If you meet the criteria, are claimed as a dependent on someone else's tax return, and meet the income threshold, will not need to file your own return. If you are unsure about your dependency status, you can use the IRS's Interactive Tax Assistant tool.

What forms and information do I need for filing?

Multiple forms may be needed for filing your taxes, or for you to provide to the person claiming you as a dependent. 

  • 1040 form: This is the main form you'll use to file your federal tax return and report your income. 
  • W-2 form: If you worked for an employer, including for the University, you'll receive a W-2 form that states how much you made during the tax year and how much was withheld. ASU student workers can receive their W-2 forms through their MyASU account.

"(The W-2 form) is going to have information about your gross wages, your federal income tax withholding, and a variety of other things," Frost said. "For the basic college student who may or may not actually end up owing anything, there's probably going to have been federal income tax withholding taken out."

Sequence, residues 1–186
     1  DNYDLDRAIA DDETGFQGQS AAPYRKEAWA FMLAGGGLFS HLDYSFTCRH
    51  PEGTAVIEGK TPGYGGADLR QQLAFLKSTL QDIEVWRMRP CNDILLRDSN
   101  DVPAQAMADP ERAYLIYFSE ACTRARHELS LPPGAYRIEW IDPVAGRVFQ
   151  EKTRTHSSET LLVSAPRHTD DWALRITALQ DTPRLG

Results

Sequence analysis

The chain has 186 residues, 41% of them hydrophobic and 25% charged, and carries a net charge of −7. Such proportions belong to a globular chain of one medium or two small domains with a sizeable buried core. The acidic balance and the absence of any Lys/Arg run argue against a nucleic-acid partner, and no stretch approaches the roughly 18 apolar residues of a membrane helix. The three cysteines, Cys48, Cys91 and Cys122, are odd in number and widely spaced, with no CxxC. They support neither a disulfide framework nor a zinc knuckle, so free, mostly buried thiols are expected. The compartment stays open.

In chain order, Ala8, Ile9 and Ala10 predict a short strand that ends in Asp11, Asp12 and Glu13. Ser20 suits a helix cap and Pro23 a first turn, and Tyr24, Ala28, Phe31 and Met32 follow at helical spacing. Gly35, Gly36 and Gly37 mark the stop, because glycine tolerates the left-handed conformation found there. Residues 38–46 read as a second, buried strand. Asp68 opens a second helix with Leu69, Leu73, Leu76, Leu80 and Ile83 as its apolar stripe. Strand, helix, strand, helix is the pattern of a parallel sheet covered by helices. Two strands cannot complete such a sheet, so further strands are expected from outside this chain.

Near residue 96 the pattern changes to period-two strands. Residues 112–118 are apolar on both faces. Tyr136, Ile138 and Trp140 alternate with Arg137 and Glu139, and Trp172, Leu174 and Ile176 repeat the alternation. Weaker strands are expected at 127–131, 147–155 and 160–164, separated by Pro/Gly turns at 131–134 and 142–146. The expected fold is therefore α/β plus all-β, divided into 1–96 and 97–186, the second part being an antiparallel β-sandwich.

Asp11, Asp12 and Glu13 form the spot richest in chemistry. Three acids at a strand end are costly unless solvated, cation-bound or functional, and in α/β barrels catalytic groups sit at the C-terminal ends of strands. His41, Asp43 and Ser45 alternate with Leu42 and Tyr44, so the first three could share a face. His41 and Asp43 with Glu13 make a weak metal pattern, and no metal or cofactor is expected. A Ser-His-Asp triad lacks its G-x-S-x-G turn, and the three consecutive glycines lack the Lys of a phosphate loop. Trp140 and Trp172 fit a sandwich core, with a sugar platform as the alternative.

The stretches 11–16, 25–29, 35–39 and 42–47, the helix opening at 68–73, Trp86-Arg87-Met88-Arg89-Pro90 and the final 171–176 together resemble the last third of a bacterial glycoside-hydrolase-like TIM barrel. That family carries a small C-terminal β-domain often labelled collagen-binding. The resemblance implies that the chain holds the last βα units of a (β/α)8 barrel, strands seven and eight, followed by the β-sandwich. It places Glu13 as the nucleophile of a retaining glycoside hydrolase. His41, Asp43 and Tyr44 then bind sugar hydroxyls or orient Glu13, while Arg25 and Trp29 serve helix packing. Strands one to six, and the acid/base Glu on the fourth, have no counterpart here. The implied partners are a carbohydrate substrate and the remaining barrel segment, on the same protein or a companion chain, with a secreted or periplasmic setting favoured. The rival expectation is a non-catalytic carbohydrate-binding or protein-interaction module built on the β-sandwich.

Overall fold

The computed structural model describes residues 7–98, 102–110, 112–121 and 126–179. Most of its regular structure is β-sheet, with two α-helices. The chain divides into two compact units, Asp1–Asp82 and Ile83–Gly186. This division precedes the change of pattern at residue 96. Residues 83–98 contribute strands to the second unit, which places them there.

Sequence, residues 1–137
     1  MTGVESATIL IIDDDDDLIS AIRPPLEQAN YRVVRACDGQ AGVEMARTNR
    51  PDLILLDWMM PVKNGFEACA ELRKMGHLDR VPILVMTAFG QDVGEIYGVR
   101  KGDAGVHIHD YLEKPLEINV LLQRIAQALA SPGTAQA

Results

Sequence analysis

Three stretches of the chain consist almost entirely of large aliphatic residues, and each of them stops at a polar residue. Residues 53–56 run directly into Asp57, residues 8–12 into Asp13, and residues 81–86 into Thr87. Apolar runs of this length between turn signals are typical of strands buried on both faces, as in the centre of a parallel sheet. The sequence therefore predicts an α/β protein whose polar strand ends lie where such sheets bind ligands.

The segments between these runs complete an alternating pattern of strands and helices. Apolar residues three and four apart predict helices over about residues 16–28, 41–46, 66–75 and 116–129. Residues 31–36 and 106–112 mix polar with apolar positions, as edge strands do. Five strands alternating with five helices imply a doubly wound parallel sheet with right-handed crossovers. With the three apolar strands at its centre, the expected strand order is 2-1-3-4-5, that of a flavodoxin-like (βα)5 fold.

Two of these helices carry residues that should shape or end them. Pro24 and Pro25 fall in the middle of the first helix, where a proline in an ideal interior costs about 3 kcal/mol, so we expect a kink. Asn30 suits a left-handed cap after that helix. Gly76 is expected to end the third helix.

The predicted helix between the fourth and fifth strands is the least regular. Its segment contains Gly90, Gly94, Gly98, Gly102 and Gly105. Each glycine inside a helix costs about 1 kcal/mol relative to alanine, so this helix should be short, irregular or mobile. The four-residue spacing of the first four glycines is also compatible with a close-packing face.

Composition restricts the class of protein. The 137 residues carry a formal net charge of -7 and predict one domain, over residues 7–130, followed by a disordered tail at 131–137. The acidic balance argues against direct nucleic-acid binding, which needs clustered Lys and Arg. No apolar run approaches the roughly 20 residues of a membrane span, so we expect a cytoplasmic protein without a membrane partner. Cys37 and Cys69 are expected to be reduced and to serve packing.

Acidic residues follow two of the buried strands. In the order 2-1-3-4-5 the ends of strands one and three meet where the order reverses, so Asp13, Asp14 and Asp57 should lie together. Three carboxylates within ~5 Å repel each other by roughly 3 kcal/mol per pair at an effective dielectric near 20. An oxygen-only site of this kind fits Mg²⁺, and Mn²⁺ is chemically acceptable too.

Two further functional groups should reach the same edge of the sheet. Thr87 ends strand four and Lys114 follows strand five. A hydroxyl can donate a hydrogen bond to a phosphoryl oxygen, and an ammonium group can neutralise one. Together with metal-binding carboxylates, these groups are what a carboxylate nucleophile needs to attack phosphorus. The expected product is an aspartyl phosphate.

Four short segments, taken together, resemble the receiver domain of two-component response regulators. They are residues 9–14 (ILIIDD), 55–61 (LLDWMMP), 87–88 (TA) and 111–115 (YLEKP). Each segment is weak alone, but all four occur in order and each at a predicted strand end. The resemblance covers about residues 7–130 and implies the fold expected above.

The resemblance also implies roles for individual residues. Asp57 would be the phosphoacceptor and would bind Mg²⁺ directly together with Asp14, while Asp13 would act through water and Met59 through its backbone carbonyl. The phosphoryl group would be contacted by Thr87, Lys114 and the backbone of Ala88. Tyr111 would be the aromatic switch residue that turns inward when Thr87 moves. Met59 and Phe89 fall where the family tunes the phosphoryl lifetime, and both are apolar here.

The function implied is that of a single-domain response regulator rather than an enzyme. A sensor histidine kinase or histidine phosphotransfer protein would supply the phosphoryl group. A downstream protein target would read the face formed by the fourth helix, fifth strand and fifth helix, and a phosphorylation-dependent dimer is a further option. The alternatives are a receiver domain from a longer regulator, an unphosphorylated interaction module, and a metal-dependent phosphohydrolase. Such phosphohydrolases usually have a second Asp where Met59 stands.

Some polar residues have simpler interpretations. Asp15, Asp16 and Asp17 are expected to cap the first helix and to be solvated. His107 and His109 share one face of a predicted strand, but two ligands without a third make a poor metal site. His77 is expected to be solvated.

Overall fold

• 1098-T form: This shows the amount of tuition you paid and any scholarships or grants you received. The 1098-T form can also be accessed through a MyASU account
  • 1098-E form: If you paid any interest on student loans (more than $600), your loan servicer should provide this form. You can use this to deduct interest payments from your taxes. 
  • 8863 form: You should complete this form if you plan to claim one of two IRS educational tax credits, which can reduce how much you owe on your taxes. 
  • State tax return forms: States have their own rules for who has to pay state taxes. Depending on where you work and where you live, you may also need to file state tax return forms. 

For international students: 

  • 1042-S form: This is the international version of the W-2 form, and will be provided by your employer with information on income earned. 
  • 8843 form: If you make no income in the U.S. as an international student, you are required to fill out this form to report it to the IRS.

How do I incorporate student loans into my taxes?

"For active students right now, if you're still in school, most student loans are still in deferral until about six months after you graduate," Frost said. 

Additionally, student loan repayments have been put on pause since the COVID-19 pandemic began in March 2020. If the U.S. Department of Education is able to implement President Joe Biden's proposed debt relief program before June 30, the pause will continue. If not, payments will resume 60 days after June 30.